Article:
Oh, you think they’re being melodramatic. This quote just came over the internet. I have no idea if it’s accurate, but it is interesting:

"The National Government will regard it as its first and foremost duty to revive in the nation the spirit of unity and cooperation.It will preserve and defend those basic principles on which our nation has been built. It regards Christianity as the foundationof our national morality, and the family as the basis of national life ... "---Adolph Hitler

None of this may seem to matter in the suburbs of Ohio and Missouri—though I have gay friends in committed gay marriages in both places--but in a city that thrives on diversity, where you are sure to have gay neighbors and friends, some of whom are married to one another, a city where Jews, Muslims, protestants, Catholics, Hindus, Buddhists, pagans, Rastafarians, atheists, witches and even the occasional Zoroastrian mingle every day, the idea of a bible thumping elite telling people how to live their lives is seen as frighteningly fascist.

People usually think in geographic terms. They like to visualize relationships based on physical space. But a graphic representation of the voting makes New Yorkers feel even worse. All that red! Just three little patches of blue in a sea of red. It looks like the stands at a NASCAR race—all Dale Earnhardt Jr. fans in red and just a few Jeff Gordon fans in blue. New Yorkers usually don’t admit that there is anything of value west of the Hudson, and this will only strengthen their provincialism. The New York times on their website had an interesting graphic that they published in the special elections section on Thursday. It allowed you to compare two electoral maps, one in which the red states take up about 90% of the US, and another where the states are represented on a graph in which each square represents one electoral vote. In other words, they are sized by population. In this graphic the red and blue are much closer. You can switch back and forth from one to another. It is fascinating. Check it out at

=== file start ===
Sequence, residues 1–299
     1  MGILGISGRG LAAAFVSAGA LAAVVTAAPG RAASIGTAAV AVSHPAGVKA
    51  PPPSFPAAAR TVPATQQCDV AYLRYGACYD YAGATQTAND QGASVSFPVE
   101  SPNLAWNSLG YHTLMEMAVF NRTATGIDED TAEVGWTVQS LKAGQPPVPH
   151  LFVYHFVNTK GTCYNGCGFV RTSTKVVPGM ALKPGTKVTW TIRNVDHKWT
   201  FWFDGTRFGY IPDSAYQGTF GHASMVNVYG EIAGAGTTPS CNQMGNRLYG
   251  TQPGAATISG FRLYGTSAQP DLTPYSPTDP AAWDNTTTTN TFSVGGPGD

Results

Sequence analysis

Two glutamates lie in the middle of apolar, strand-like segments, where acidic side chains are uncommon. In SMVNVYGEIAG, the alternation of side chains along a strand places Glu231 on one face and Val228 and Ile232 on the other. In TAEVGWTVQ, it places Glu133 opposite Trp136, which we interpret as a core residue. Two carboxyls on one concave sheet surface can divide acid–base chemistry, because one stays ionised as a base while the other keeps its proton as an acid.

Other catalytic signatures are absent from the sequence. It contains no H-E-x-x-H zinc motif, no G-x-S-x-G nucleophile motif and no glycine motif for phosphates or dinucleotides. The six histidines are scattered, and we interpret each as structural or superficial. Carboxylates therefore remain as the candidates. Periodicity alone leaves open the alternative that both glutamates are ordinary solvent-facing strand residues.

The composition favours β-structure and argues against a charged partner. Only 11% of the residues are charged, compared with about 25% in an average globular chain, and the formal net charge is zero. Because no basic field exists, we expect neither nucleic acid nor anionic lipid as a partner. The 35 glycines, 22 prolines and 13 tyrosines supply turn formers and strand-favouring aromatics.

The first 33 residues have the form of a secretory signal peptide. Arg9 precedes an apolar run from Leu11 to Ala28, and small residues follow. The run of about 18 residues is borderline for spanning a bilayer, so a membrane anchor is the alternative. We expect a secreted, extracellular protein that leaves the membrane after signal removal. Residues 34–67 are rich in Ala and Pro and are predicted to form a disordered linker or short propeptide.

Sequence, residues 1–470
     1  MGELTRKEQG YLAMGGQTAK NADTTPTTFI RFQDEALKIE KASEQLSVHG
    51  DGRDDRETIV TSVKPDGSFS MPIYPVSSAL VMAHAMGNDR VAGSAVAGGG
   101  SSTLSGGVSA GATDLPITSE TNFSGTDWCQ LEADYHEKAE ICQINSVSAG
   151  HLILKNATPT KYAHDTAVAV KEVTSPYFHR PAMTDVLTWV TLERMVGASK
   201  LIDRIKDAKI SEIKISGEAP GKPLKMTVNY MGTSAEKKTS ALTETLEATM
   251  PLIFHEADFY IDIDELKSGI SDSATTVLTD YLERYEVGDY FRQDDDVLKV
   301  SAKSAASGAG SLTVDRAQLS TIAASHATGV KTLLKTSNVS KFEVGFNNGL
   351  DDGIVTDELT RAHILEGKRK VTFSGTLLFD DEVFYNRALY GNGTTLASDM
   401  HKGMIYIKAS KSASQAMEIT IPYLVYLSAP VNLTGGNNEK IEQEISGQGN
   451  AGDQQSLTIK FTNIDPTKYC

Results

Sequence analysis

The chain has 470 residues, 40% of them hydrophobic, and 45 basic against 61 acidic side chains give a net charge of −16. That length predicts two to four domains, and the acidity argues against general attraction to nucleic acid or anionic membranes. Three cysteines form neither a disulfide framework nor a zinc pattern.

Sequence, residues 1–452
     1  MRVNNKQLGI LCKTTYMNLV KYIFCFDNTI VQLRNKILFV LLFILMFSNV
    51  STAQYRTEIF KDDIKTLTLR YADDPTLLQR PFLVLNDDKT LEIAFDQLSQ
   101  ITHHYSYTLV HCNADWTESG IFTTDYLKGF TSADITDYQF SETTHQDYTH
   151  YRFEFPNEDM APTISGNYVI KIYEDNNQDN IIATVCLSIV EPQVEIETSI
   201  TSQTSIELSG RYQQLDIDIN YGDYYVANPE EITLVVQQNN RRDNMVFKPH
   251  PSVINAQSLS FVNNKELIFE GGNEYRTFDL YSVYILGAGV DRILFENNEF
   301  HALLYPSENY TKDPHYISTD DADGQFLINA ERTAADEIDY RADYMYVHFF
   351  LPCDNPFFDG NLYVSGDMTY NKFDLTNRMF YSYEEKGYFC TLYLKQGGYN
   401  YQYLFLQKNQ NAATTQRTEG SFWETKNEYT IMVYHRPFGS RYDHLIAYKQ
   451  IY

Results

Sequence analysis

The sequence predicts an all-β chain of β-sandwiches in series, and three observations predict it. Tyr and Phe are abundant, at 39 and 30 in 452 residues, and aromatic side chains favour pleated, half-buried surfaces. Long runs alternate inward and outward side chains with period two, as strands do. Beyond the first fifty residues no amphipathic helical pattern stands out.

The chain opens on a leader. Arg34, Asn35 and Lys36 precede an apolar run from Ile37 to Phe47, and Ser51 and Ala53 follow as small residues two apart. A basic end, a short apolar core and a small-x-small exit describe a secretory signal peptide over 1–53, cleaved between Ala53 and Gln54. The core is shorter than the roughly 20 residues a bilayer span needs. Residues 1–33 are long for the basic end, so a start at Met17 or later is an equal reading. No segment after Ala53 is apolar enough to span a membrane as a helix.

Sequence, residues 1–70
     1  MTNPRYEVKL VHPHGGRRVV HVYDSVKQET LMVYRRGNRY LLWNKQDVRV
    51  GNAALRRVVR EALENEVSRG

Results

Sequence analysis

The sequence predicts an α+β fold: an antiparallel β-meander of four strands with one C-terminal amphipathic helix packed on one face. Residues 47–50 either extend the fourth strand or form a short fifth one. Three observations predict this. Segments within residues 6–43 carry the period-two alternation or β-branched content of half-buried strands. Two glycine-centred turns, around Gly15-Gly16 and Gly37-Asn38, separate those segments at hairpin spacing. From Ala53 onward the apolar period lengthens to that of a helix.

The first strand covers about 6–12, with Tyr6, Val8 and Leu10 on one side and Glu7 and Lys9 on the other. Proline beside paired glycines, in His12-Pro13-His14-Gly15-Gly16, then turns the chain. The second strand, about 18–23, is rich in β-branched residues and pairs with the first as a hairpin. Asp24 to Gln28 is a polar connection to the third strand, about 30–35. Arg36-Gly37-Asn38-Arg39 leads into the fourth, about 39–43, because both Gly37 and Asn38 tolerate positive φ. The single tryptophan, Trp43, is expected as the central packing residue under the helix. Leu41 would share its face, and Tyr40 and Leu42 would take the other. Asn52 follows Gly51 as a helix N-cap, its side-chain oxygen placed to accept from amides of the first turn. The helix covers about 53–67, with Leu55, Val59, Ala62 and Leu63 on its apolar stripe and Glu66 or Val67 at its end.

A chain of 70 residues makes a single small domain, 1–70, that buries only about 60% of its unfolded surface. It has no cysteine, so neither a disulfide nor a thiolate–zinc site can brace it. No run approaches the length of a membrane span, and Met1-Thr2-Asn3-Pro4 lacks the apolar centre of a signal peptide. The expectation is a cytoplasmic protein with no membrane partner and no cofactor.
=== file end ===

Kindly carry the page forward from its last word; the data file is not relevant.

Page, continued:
I also received another interesting graphic today, a map showing “The United States of Canada,” a country in blue which includes California, Oregon, Washington, Wisconsin, Minnesota, Illinois, Michigan, New York Pennsylvania and New England. Drawn this way the US of C would have a continuous border, save for Hawaii floating off there in the pacific. Below this is a red country called “Jesusland.” This is the new world order.

New Yorker’s have to face facts: the people living between I-5 and I-95, with a few exceptions around the lake Michigan, live in a totally different world. They operate on a different paradigm. And they just totally kicked New York’s ass.